Fredrik Wilhelm III did not even intervene against the freemasonry in 1830, when his belief was shaken because of the revolt in Belgium, which was provoked and executed by the freemasons. The members of the Dutch Royal House did not want to let them-selves be controlled by the masonic brothers. Alexander I, however, followed the Austrian example and banned freemasonry in Russia in August 1822. In 1825, he was murdered by the freemasons as a "traitor". The mortal remains were gone, as the rituals required. An empty coffin was buried. "Of the traitor's body not a single trace shall remind us of his treason."
In Milan and Venice freemasonry was banned in 1814. In Prussia several lodges were closed in 1820, due to political intrigue. In Bavaria freemasonry was again banned in 1845. Since the previous ban was lifted, the freemasons started more intensively than ever their undermining activities.
Another example is from the United States. Captain William Morgan, who had reached a high degree within the freemasonry and had a central position in the order, discovered some of the terrible masonic secrets in his Lodge No. 433 in Batavia, New York. He travelled around the United States to warn the other masonic lodges. In 1826, he explained that it was his duty to warn the public of the secret plans of the freemasons. Morgan wanted to expose the shady activities of the masonic elite in a book. He signed a contract with the publisher Colonel David C. Miller. The book, "Freemasonry Exposed", was published in August 1826.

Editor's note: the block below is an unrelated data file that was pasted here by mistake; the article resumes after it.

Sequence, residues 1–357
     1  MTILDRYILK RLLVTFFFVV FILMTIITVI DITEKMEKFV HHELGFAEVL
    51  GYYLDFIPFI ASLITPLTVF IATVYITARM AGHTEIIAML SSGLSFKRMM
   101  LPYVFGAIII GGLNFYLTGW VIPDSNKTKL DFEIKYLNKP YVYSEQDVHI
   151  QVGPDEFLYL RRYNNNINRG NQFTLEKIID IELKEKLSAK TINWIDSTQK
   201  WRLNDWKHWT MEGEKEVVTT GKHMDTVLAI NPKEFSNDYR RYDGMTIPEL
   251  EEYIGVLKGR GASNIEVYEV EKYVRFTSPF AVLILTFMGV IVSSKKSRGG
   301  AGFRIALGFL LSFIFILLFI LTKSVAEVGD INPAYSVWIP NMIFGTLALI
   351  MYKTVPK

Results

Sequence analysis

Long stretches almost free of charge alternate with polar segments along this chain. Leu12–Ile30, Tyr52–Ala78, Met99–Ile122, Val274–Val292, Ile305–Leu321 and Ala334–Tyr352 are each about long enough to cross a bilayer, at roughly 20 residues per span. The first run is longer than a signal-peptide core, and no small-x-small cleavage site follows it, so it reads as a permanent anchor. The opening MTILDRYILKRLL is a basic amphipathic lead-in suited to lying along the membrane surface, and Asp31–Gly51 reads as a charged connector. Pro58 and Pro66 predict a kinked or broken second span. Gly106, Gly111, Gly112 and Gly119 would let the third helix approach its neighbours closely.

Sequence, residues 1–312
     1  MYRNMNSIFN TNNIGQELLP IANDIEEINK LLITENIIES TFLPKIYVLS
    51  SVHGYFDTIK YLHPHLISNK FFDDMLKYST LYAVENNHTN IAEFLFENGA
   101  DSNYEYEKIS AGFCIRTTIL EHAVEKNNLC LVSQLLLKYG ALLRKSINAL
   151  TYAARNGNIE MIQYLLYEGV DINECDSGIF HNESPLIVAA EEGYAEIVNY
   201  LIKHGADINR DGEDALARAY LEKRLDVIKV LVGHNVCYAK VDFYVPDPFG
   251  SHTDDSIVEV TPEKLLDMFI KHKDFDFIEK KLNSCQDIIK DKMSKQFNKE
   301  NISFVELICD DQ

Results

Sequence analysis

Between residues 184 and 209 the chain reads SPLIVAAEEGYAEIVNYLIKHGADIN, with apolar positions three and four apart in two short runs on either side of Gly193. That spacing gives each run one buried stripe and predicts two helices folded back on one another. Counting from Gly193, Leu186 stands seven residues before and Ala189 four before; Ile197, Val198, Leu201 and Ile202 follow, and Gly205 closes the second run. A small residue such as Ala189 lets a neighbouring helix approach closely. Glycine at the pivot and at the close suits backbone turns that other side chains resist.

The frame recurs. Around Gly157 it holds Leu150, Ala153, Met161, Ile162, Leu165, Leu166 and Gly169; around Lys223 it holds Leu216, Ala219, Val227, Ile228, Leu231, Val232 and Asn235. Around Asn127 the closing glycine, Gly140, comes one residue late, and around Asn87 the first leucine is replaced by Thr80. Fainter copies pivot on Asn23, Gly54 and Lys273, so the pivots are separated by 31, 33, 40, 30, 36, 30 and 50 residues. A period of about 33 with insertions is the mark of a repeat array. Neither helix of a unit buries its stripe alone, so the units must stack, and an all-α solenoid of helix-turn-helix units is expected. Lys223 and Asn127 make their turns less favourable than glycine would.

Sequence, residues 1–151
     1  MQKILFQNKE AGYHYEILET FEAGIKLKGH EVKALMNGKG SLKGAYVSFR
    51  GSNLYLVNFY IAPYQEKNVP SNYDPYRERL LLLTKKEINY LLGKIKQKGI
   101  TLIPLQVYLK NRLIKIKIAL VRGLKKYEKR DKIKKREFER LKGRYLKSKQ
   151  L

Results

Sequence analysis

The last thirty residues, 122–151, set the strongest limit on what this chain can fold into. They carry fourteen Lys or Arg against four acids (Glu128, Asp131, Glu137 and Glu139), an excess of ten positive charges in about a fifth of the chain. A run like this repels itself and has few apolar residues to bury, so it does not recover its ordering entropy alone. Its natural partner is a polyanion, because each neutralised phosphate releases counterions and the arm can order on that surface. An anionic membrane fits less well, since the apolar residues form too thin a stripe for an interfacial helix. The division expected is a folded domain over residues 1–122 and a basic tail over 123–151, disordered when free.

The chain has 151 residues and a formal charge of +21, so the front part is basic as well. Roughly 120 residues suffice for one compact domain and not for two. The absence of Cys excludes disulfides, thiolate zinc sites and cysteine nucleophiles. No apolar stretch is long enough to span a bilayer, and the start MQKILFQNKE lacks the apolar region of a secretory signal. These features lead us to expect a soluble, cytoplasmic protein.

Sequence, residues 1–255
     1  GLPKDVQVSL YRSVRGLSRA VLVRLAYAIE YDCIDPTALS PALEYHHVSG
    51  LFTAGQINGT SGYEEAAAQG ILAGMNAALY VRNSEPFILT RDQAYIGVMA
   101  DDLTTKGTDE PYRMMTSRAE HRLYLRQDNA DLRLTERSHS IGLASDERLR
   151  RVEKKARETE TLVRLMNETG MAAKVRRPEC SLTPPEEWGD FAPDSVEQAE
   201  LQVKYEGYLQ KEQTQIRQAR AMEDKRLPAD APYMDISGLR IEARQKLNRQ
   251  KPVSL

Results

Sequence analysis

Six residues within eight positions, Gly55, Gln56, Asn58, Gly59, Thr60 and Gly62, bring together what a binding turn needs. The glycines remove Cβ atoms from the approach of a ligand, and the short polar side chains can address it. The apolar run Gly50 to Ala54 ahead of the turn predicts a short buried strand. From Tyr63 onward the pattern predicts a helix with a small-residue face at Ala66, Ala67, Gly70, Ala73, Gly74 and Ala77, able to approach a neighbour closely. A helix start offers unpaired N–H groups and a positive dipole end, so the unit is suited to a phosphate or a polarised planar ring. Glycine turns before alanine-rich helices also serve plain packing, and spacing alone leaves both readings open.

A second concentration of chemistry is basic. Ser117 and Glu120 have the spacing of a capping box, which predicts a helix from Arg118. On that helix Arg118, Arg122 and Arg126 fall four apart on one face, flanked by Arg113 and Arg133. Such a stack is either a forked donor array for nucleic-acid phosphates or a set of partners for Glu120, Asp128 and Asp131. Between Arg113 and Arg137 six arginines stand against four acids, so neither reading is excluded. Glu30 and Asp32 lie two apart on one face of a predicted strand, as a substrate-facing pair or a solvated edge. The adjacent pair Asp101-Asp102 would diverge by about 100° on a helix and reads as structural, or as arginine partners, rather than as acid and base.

This brought the members of the concerned lodges to the verge of a nervous breakdown. At that time there were 50 000 Freemasons in the United States.
Warnings against Morgan were quickly spread. In the newspapers were published advertisements, like this one in Canandaigua, New York, on 9 August 1826: "If a man calling himself William Morgan had come to the society, should everyone be on their guard, particularly THE BROTHERHOOD OF THE FREEMASONS... Morgan is considered a swindler and a dangerous man."
The freemasons in Batavia and the Illuminati in America and in Europe were worried. They decided to punish him for breaking his oath and betraying his brothers. Richard Howard, an English Illuminatus, was sent to America to murder Morgan (Michael di Gargano, "Irish and English Freemasons and their Foreign Brothers", London, 1878, p. 73).